Ocwen Financial Corp., which has seen a recent spate of regulatory enforcement actions that have hurt its operations and decimated its stock, continues to sell off its mortgage servicing rights (MSRs) as it attempts to reorganize.
The company reports that its subsidiary, Ocwen Loan Servicing, is selling residential mortgage servicing rights (MSRs) on a portfolio consisting of about 55,500 loans owned by Freddie Mac, with a total principal balance of approximately $9.6 billion, to Green Tree Loan Servicing, an indirectly held, wholly owned, subsidiary of Walter Investment Management Corp.
Sale of the portfolio, which consists mostly of performing loans, is still subject to a definitive agreement, approvals by Freddie Mac and the Federal Housing Finance Agency and other customary conditions. The deal is expected to close by April 30, with loans transferring to Green Tree in May.
In a statement, Ron Faris, CEO of Ocwen, says he is pleased that the company is executing on its plan to reorganize – which includes divesting itself of the bulk of its mortgage servicing rights on agency loans.
‘Over the next several months, we expect to generate proceeds of at least $650 million from sales and transfers of mortgage servicing rights,’ Faris says. ‘We are also committed to ensuring a smooth and accurate transfer of informationÂ to the buyers of these mortgage servicing rights.’
The announcement follows a report from the Wall Street Journal on Tuesday that Ocwen has agreed to sell $45 billion of MSRs to JPMorgan Chase & Co.
It also follows Ocwen's announcement in late February that it had agreed to sell $9.8 billion in MSRs to Nationstar Mortgage Holdings Inc. That deal is expected to close by March 31, and the loans are expected to transfer to Nationstar in April.
Ocwen had previously hinted at the deal with JPMorgan in an update on March 2. In that statement, company officials said Ocwen had signed a letter of intent with a buyer that was interested in acquiring a portfolio consisting of approximately 277,000 performing loans owned by Fannie Mae with a total unpaid principal balance (UPB) of approximately $45 billion.
The deal with JPMorgan is also still subject to approvals. Ocwen expects the transaction to close by mid-year and the loan servicing to transfer over the course of the second half of this year, the WSJ reports.
No sale price was disclosed; however, Ocwen indicated in its March 2 update that the MSR sales with Nationstar and JPMorgan would result in about $550 million in proceeds.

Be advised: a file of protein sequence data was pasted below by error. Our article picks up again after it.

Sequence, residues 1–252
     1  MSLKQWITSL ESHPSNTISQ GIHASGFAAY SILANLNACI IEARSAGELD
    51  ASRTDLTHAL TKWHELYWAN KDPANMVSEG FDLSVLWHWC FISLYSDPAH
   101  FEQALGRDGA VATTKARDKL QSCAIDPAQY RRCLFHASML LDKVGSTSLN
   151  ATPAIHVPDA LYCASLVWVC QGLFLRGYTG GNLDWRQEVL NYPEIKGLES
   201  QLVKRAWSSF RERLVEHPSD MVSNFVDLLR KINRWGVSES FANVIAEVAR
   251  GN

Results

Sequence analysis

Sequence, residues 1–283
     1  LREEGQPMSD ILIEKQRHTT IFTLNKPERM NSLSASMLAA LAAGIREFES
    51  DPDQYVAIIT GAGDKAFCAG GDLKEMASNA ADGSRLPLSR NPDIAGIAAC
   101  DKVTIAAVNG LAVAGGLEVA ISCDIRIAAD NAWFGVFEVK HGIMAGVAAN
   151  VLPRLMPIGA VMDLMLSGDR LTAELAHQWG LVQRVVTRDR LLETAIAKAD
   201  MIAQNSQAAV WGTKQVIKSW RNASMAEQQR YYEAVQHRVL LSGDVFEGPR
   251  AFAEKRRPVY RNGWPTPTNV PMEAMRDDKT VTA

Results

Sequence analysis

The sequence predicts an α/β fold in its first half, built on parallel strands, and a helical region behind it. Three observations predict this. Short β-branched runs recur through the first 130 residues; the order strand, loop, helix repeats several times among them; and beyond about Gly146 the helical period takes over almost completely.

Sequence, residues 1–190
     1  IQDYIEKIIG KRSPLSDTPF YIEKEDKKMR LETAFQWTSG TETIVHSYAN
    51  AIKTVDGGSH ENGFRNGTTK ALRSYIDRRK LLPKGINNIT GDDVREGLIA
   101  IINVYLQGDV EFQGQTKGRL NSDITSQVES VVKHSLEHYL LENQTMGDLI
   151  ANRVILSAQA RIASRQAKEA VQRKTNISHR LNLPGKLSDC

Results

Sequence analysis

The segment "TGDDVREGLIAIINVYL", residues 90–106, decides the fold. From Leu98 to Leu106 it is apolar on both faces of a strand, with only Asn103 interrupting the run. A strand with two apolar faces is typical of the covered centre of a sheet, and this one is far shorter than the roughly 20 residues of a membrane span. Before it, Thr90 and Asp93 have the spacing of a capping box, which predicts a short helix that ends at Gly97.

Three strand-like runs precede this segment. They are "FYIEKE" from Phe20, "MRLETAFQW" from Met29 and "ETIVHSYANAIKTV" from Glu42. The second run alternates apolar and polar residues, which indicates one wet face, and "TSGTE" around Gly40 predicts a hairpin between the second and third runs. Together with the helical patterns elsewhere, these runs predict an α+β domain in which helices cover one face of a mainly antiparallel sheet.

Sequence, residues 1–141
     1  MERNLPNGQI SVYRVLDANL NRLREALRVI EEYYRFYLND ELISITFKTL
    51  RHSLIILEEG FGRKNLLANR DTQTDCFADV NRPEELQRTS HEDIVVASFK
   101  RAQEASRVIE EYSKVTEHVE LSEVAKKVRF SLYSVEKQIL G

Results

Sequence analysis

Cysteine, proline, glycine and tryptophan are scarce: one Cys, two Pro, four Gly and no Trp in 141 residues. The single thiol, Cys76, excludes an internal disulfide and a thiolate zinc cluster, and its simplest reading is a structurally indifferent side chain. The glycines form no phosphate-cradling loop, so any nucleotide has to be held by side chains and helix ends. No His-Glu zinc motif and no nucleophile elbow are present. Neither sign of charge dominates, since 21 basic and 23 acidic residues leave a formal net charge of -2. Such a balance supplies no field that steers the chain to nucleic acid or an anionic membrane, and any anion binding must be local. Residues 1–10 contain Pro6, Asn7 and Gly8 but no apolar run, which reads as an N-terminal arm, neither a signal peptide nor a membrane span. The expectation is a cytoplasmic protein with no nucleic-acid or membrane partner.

JPMorgan's acquisition of the portfolio is in contrast with statements made by the bank's CEO, Jamie Dimon, a year ago when he said that JPMorgan was looking to get out of the mortgage servicing business altogether.
The sale of the MSRs to Nationstar and JPMorgan will significantly shrink Ocwen's footprint in the mortgage servicing industry.
In its update, Ocwen reiterated that it expects to report a loss for the fourth quarter of 2014 and for the 2014 fiscal year. In a recent regulatory filing, the company disclosed that it had recorded an additional $50 million expense related to its $150 million settlement with the New York Department of Financial Services. In December, William Erbey, the company's executive chairman, resigned as part of that settlement, and Ocwen said it would withdraw from the business of servicing mortgages backed by the U.S. government.
Ocwen said it also expects to increase expenses related to uncollectable receivables and other servicing expenses by about $64 million. What's more, it reported that the expense for third-party monitoring costs related to regulatory enforcement in the fourth quarter would be approximately $13 million.
In addition, the company says its fourth quarter results will be impacted by a non-cash charge to write-off goodwill of $370 million to $420 million, as well as the creation of a $15 million reserve that will be used to address problems that resulted in thousands of borrower letters related to the denial of loan modifications to be misdated.
In February, Ocwen suffered another major setback when investors from two major trusts voted to terminate Ocwen as the servicer on two pooling and servicing agreements (PSAs) representing about $260 million of UPB or 0.07% of Ocwen's overall servicing portfolio.
‘We regret the decision made by this particular group of investors who have been critical of Ocwen's superior loan modification results but [we] are pleased that in the majority of the affected securities investors are keeping Ocwen as their servicer,’ commented Ron Faris, president and CEO of Ocwen, in a Feb. 27 statement. ‘We were also gratified to see reports earlier this week by Morgan Stanley â�¦ confirming Ocwen has been more effective at keeping borrowers in their homes, and it is unlikely that investors will replace Ocwen in the small percentage of cases where the servicer ratings have fallen below the minimum criteria set forth in certain PSAs.’